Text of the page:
(UPDATE: PayPal have now reinstated Seafile’s account. See full statement below. However, Seafile GmbH’s CEO Silja Jackson says it will no longer use PayPal as it “cannot trust them anymore”)
Cloud storage platform Seafile was told to remove PayPal from its sites after refusing demands to monitor customer data and users’ files, the developers behind it said.
In a post on the platform’s German website the team behind the system, which provides a similar service to Dropbox, said they would temporarily offer its services for free after removing PayPal from their sites.
They said PayPal “demanded that we monitor data traffic as well as all our customers’ files for illegal content” and asked them to give PayPal “detailed statistics about the files types of our customers sync and share”.
The team said the move would be “morally wrong” as well as against German and European data protection laws, so had refused to comply.
The post goes on to say how the US company then told them to remove PayPal’s payment services from the site within four days.
Seafile’s file syncing and sharing platform allows organizations to keep control of all their data and is developed by two companies, Seafile Ltd., located in China, and Seafile GmbH, located in Germany.
The team said they first received a notification that the platform was in violation of PayPal’s T&Cs on June 2.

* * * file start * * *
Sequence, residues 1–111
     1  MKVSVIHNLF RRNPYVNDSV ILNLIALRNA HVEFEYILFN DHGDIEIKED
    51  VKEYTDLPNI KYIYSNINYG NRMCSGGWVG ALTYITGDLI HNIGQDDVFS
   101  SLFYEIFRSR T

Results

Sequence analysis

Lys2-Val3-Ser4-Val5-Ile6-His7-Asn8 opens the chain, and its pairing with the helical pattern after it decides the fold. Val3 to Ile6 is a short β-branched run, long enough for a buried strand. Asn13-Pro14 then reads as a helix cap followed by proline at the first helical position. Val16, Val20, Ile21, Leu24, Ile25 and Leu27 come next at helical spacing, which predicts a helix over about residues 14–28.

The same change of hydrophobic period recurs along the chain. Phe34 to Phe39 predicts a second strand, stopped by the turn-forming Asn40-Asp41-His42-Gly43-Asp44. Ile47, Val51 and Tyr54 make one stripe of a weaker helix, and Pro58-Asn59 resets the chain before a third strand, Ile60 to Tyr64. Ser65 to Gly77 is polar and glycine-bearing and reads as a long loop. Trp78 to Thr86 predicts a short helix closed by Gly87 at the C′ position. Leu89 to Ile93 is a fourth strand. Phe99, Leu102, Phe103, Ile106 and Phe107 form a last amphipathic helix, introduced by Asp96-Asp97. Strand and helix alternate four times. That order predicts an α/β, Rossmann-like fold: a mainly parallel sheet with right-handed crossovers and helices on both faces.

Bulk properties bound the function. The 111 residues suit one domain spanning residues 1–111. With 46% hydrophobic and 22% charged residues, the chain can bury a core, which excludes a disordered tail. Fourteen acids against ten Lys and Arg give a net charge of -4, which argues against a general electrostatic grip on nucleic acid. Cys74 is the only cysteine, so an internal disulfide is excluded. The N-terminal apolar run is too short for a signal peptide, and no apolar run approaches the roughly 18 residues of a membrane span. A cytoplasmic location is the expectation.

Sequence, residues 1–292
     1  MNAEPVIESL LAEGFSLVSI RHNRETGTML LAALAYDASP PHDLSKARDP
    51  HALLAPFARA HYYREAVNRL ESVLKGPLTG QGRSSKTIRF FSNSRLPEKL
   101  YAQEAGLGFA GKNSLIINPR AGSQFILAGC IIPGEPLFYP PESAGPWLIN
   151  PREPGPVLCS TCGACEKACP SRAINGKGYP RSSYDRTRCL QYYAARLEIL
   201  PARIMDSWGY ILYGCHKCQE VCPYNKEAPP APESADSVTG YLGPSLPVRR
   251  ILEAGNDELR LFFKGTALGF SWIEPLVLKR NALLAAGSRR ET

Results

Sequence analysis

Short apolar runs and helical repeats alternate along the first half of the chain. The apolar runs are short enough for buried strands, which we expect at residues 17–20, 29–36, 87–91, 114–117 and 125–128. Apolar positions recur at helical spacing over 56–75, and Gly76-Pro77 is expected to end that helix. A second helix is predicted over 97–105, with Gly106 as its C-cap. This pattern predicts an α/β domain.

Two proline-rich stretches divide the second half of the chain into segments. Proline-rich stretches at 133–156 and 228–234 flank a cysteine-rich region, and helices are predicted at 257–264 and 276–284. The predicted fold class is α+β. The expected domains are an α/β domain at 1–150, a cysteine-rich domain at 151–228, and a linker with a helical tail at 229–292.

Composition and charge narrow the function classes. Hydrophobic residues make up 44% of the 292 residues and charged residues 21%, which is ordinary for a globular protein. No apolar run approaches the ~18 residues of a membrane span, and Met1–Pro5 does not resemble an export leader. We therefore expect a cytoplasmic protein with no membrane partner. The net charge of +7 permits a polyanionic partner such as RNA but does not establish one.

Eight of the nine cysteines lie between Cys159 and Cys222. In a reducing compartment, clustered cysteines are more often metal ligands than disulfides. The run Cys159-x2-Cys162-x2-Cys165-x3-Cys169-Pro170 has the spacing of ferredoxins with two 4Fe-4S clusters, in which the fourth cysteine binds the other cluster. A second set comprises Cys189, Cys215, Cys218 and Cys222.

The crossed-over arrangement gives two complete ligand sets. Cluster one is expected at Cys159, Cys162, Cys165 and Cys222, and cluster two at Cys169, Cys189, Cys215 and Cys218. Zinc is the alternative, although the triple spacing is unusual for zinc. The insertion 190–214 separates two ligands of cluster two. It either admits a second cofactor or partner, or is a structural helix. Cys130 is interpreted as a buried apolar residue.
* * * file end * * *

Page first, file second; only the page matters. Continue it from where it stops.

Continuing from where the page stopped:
They said they replied to PayPal explaining their stance, before receiving a reply on June 14 asking them to remove PayPal from their sites.
They said they then got in touch again with PayPal to further explain their situation, but a member of PayPal’s “brand risk management team” told them the decision was final.
UPDATE – June 22, 2016
After we contacted PayPal for comment, they issued the following statement saying they had reviewed Seafile’s account and it had now been reinstated.
A spokesman said: “PayPal has reinstated the account of Seafile following an additional review of the merchant’s business operations.
“Privacy is at the core of PayPal’s business model and we do not and have never required a merchant to intrude on the privacy of its customers.
“In our role as a global payments provider we must look at the full details of a service’s operations and compliance, including how the company addresses the laws and regulations related to the sharing or dissemination of illegal or infringing content as well as the policies of PayPal’s processing banks and card networks.
“We review these matters on a case-by-case basis. We regret that we made an error in the case of Seafile and apologize for any disruption this may have caused to their business.”
UPDATE 2 – June 22, 2016
Seafile have said they will not return to using PayPal despite having their account reinstated. CEO of the German company Silja Jackson told Fortune that it “cannot trust them anymore”.
Jackson said Seafile is now looking at using a German payment system. She said: “They said they realized we are not a high risk business.
“In my opinion, they realized all the waves it caused and they’re trying to do some damage control. They wouldn’t have changed their mind if so many people weren’t yelling.
“I appreciate the gesture on their part, but for us the trust is gone.”